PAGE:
Floodplain Management Update
In 2015, Pequannock Township made significant progress in acquiring grants for mitigation, updating our floodplain master plan, and improving our CRS rating for insurance discounts.
Application is made to FEMA for a pre-disaster mitigation grant (PDM) to begin elevating dwellings within flood prone areas. Pequannock is currently slated to receive over $4.5 million dollars for design, permitting, implementation, and construction activities. The intent is to apply for similar levels of funding whenever FEMA initiates the PDM grant cycle. The funding needed to assist the entire community is significant, but our vision, over time, is to make federal funding available to anyone that qualifies; and is willing to participate in the program.
FEMA's ranking system for grant recipients requires properties be grouped in neighborhoods with similar characteristics, and with the highest percentage of potential loss mitigation. Pequannock obtained the services of an independent firm to conduct an evaluation of FEMA's requirements compared to historical loss data in order to maximize the odds for Pequannock to be selected. The first grouping consisted of dwellings near the easterly end of Madison and Roosevelt Streets. It appears the strategy worked and funding will be available once congress releases the funds. The framework is now in place to build on this success and to
continue funding elevations through the PDM grant process.
An effectually managed floodplain community requires the integration of many resources. We discussed mitigation funding above, but much more is happening. The Planning, Construction and Engineering Departments are proactively developing practices and procedures reflecting the future of floodplain management. In 2013 FEMA revised the Community Rating System (CRS) manual and scoring to better recognize floodplain management activities that exceed the minimum NFIP standards. Depending upon the level of participation, flood insurance premium rates for policyholders are reduced. Pequannock has been an active participant in the CRS program since 1991, saving residents multi-millions of dollars in cumulative insurance premiums.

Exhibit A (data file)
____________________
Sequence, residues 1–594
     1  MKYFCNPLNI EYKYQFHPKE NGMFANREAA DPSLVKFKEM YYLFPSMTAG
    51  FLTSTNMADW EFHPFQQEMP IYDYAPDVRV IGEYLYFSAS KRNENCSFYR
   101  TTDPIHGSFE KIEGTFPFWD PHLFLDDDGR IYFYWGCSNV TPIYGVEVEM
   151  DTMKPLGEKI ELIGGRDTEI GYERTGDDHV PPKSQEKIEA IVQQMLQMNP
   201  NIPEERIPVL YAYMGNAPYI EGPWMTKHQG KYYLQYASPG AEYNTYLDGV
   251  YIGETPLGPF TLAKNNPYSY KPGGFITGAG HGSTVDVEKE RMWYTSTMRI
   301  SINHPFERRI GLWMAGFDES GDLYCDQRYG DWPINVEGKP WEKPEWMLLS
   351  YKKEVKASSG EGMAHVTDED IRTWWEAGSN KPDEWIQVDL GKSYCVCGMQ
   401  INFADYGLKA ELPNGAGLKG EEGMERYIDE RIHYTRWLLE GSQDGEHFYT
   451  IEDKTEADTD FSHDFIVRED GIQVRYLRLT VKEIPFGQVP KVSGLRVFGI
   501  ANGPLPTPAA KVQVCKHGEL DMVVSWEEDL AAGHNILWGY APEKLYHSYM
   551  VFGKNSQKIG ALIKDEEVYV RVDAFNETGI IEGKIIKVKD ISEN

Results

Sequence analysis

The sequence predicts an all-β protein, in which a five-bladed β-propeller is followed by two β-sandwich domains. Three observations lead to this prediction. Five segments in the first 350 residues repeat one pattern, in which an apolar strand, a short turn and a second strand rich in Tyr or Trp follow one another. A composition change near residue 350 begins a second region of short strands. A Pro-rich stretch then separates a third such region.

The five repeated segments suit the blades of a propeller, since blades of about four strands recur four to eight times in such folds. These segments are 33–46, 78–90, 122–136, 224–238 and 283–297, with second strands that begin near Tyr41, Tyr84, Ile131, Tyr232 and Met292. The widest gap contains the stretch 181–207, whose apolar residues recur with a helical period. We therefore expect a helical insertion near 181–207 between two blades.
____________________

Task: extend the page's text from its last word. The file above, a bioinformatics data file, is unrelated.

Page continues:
Several surrounding communities in the Passaic River Basin also participate in the program. Pequannock Township has always been ahead of the curve having maintained a CRS rating of seven (7) for at least the past five years (1 is the best, 10 is the least). Based on the current list of CRS communities; Bloomingdale, Butler, Lincoln Park and Oakland are receiving no insurance discount; Riverdale gets a 10% discount; with Pequannock and Wayne receiving 15%; and Pompton Lakes getting the best local discount at 25%. Each year on May 1 or October 1, a communities rating can be modified.
In January 2016, Pequannock completed a comprehensive audit based on the 2013 guidelines. We anticipate the results of the audit effective May 1 or October 1, 2016 at the latest. Since our last audit in 2011, the Township has intensified its efforts to improve community outreach and planning. The Floodplain Management Plan is being revised and is currently under review by the Flood Control Advisory Committee. We anticipate publishing the preliminary plan on the website for public review in March with hopes of formally adopting the plan in May. The plan plays an important role in community planning, goal setting and implementation that is integral to an increased CRS rating.
The Public Works Department has diligently maintained and documented efforts to promote the flow of stormwater through our many ditches and channels. Please call the DPW anytime you observe a blockage of any ditches, streams or pipe crossings. The proper maintenance of surface drainage facilities is critical for flood control and inclusive in Pequannock's NJDEP Stormwater Management Plan requirements.
Finally, if you live near a flood prone area, you are at risk. Floods can occur anywhere, you should strongly consider purchasing a separate National Flood Insurance Program (NFIP) flood policy through an insurance agent. Not everyone understands the need for a separate flood policy. In fact, research shows that there's a common misconception that homeowners insurance covers flood damage when, in fact, it typically doesn't. In a March 2013 survey commissioned by a major insurance provider, 44 percent of Americans said they believed they were covered for weather-related floods, when, in fact, only 15 percent reported having purchased a flood insurance policy through the NFIP.